Global Economic Order or Disorder?

February 22, 2017

The Strategy Group is part of the larger Geoeconomics Project that AGI has launched this month in order to help shape transatlantic policy development on the role of international economic engagement as a new U.S. President takes office and Germany exercises the Presidency of the G20. You can find more information about the project here.

The discussion was launched with an assessment of the causes of the current lack of support for the global economic order. On the populist Right in the U.S. and Europe there appears to be a belief that the global economic order is either a) self-governing; b) unnecessary; or c) counter to the national interest—in the U.S. this would be the idea that the U.S. loses and China wins.

The populist Left appears to share these assumptions, but with a greater emphasis on the lack of justice in the current global economic order—the idea that it benefits corporations and financial institutions rather than the average citizen. In Germany and the EU, this idea was behind much of the opposition to TTIP.

Other key points:

  • It is not just trade, but also cultural issues like immigration, a greater acceptance of authoritarianism, and a general turning inward that have led to decreased support of the liberal economic order.
  • While people are more connected than ever, global institutions can’t keep up, making them seem less useful.
  • On the populist Right, there is the sense that “we pay, but get no benefits, so we’re suckers,” particularly as most of these voters are not globally connected.
  • Recent and widespread immigration into the U.S. and the perceived threat coming from abroad has made Americans turn away from global cooperation.
  • While European Union countries have done more on trade adjustment than the U.S., the global economic order has also become less popular there—perhaps because of immigration or the euro crisis.
  • The global economic order has not benefited from strong recent support from the business community, which since NAFTA and the founding of the WTO has perceived only incremental gains to be had from subsequent efforts to create a more open and rules-based global economy.

The meeting also addressed the policies that could help make the global economic order more effective and that would engender more public support. China was a major focus of the discussions. It was seen simultaneously as: potentially replacing the current liberal economic rules with a China-centric hub and spoke system; an engine of economic development in Africa; a roadblock to the emergence of Latin American economies as global players since its investment can stifle indigenous industrialization.

Other key points:

  • The U.S., Germany, and the EU need to step up their policy cooperation and engagement with the open economies in Latin American and Asia that support the global economic order—the E7 (emerging seven) who will grow to become the “new G7” within 30 years, and other countries.
  • If the U.S. takes a pause from its role as driver of the global economic order, the EU and other liberal economies should continue to negotiate free trade agreements, coordinate their approaches among themselves as much as possible, and shore up the WTO.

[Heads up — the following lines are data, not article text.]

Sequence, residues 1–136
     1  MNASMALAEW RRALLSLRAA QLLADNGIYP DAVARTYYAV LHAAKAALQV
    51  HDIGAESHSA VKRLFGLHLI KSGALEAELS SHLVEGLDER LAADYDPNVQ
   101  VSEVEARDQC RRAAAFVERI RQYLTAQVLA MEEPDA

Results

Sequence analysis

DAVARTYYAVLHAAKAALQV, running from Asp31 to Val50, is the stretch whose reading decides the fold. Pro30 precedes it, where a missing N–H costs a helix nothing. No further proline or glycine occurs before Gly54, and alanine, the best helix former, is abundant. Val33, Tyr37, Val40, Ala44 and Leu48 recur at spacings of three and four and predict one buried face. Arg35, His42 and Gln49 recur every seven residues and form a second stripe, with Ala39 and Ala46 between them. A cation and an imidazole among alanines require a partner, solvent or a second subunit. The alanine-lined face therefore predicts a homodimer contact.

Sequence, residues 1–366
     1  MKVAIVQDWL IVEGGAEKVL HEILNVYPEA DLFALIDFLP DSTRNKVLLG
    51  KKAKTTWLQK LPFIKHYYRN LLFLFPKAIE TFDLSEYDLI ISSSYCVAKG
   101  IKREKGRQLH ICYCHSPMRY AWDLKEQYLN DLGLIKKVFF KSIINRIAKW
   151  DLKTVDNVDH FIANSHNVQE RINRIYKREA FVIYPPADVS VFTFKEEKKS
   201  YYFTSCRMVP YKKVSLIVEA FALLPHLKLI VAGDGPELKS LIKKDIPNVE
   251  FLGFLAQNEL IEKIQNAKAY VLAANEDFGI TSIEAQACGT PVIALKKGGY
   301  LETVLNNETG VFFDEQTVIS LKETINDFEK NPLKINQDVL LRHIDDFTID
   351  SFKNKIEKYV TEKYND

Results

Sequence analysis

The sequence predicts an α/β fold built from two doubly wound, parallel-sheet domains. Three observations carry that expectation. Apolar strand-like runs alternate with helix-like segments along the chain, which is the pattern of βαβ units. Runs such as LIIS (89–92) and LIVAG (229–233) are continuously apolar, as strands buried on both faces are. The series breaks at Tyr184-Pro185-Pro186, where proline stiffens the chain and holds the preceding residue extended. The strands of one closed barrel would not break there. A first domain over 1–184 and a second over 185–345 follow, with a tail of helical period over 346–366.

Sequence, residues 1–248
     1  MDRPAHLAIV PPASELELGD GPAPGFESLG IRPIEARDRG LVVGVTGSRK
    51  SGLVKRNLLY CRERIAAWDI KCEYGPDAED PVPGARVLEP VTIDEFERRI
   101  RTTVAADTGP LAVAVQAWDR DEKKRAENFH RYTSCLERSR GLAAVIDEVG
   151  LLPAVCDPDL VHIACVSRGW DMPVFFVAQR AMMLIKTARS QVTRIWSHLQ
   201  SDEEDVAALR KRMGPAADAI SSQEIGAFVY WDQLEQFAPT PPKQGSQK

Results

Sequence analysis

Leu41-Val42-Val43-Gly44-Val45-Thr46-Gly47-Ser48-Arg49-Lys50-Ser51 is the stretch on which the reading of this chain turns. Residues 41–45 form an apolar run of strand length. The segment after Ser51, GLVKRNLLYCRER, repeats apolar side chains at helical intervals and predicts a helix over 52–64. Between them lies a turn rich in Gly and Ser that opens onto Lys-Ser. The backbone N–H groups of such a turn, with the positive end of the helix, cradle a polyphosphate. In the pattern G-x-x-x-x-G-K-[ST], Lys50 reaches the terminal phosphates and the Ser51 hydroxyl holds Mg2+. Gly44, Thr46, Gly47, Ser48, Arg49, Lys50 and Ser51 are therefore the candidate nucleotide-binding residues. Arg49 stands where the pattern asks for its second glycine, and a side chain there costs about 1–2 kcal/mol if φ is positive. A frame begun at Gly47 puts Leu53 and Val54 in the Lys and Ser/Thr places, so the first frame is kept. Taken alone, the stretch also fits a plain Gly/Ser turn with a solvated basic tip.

• In addition to trying to anticipate and avoid threats to the global economic order, a focus can be placed on making it more resilient to such threats—a rules-based system can adapt in a crisis better than one based on economic nationalism.

The members of the group also devoted much of the discussion to a consideration of the narratives that can help communicate the value of a reformed global economic order. Foreign policy and trade policy experts need to adopt a single geoeconomic narrative, as do the business community and think tanks, as well as other groups that seek to engage officials and legislators.

Other key points:

  • How can the public be convinced that international public goods are in the national interest and not just a giveaway to free riders in other countries?
  • Focus on “what would happen if” the liberal economic order deteriorated rather than saying “it’s not as bad as you say,” which by sounding condescending risks turning away potential supporters of an improved international economic system.
  • The EU’s contribution to global economic burden-sharing needs to be better explained—its role in development aid, the stability provided by EU institutions in a crisis, its World Bank and IMF contributions—these are the EU geoeconomic equivalents to the NATO “2 percent.”
  • Instead of “global economic order,” which sounds remote and impersonal, a phrase like “cross-border engagement” would be more appealing, particularly to Millennials who take globalization as a given. Particularly as the “disruption” phenomenon means people don’t care about order—it’s security they want.
  • The business community needs to do more to make employees aware of the value of the global economic order, fight for broader liberal values, and have answers to the claim that companies are separating from countries.
  • There need to be simpler ways to describe complex international economic realities like global value chains, and to explain that there is no automatic link between a trade deficit and economic growth.
  • The U.S. public needs to understand that the current economic system is seen by much of the world as U.S.-dominated, as de facto supporting “America First,” and not as an internationally-imposed hardship on the U.S.
  • In addition to government policymakers and national parliaments, state and local governments need to become first-order communication targets.
  • To develop support for the global economic order, the focus can’t just be on the old economy because then the West loses—the new economy shows advanced economies are winning.